The Smart Preppers Guide to Water Storage

by Michael

It is common knowledge that having a supply of water in an emergency is a necessity but most often people do not store water unless they hear of an imminent disaster. This is evidenced by the long lines of people buying water at grocery stores in the hours leading up to a hurricane landfall or snowstorm. Just how much water does a person need for an emergency and what is the best method to store it?

Recommended Amount of Emergency Water Storage

The U.S. Government’s Federal Emergency Management Agency (FEMA) recommends that every person should store two weeks worth of emergency supplies including water. Although the average American uses over 69 gallons of water a day indoors, in an emergency situation a person will have to use much less. FEMA recommends that storing a minimum of one gallon per person per day, so each individual would need 14 gallons of water for a two-week period. Half of the recommended water will designated for drinking and food preparation and the other half will be for hand washing, teeth brushing and sanitation. 14 gallons of water is the equivalent of 150 twelve-ounce water bottles, which is not a practical storage solution for most families.

Buying Commercially Bottled Water
Individuals can choose to buy their emergency water from the store in plastic bottles or jugs but you must realize that there is an expiration date on all water bottles. This is due to the fact that the bottles that the water is stored is a permeable plastic that breathes and can become contaminated with time. For this reason, it is important that you carefully store any water bottles a clean environment away from any contaminants.

How to Keep Your Stored Tap Water From Becoming Contaminated

Another method for short-term water storage is to bottle tap water that has been treated by your local municipality in food grade containers. These containers can vary in size from 55-gallon drums to more manageable 5-gallon containers and can be purchased at your local food supply store. It is important to rinse all containers with hot water and soap thoroughly before filling them with water as well as to take precaution not to touch the inside of the container or lid before sealing them. Tap water that has been treated by your local municipality will be good for 6 months if stored in away from heat and light. Be sure to label all containers with the date that they were filled and set a reminder for yourself to clean and refill them every six months.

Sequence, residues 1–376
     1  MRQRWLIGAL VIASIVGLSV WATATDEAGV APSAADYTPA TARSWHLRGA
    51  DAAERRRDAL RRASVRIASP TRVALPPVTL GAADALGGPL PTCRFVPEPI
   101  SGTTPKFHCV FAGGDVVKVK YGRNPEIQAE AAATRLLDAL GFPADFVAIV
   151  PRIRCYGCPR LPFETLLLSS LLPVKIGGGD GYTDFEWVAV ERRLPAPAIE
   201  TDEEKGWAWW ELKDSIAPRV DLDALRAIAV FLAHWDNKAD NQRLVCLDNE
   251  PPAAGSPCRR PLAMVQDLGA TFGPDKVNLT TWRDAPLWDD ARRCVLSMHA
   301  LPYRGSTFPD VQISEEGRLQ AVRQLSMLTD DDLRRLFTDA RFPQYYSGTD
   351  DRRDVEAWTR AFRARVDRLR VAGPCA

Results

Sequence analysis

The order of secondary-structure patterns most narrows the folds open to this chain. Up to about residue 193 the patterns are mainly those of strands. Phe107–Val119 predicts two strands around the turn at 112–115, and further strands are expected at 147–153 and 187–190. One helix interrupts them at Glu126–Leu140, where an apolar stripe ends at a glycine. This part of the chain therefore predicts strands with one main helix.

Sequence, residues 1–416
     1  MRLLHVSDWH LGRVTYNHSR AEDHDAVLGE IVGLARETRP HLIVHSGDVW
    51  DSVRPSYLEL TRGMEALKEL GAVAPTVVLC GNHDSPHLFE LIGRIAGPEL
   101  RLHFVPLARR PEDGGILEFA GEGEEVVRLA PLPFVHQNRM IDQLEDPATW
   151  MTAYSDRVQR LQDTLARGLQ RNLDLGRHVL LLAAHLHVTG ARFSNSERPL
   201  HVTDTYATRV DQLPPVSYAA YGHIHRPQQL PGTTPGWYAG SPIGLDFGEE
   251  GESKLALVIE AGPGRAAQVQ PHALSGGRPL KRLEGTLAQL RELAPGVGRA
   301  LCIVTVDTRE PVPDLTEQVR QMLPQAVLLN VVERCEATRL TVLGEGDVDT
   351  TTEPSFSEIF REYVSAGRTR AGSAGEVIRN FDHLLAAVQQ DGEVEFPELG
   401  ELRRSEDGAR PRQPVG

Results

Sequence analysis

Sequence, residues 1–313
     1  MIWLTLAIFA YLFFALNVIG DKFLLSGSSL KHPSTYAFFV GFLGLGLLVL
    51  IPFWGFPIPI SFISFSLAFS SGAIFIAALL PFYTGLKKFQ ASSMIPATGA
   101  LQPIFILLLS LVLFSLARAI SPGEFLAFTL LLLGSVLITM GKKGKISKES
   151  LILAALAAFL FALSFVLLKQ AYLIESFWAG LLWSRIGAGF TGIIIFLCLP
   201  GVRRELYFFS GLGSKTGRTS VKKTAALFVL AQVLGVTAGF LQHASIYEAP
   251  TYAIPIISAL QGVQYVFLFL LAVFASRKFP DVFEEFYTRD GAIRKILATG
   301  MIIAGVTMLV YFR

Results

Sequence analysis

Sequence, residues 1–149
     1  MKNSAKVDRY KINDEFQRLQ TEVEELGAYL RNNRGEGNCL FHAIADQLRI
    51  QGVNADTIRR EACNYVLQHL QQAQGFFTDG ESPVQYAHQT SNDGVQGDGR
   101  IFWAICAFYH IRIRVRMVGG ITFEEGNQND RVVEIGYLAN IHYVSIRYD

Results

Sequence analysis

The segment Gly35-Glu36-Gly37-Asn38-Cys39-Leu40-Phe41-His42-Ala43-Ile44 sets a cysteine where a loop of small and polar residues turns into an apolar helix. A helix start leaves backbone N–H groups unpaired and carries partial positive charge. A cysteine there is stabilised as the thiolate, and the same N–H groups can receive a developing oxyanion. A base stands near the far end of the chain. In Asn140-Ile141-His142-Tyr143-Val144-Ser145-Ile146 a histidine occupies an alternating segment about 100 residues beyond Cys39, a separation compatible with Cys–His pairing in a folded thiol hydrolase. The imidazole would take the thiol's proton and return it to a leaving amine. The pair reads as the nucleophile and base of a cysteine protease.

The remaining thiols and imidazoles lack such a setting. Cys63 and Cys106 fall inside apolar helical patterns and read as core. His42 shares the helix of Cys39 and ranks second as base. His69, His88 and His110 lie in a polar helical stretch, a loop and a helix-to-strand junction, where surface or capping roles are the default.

Remember that you never know when the next disaster could happen so it’s important to always be prepared. Taking simple steps like filling containers with water could be the difference between life and death for you and your family.

{ 9 comments… read them below or add one }

Katty November 1, 2012 at 7:10 am

Water is necessary for survival but it is very difficult to store enough for a long term disaster. It’s so heavy and cumbersome that it makes it difficult for those us living in small condos to store.


Eric Dee November 25, 2012 at 3:41 am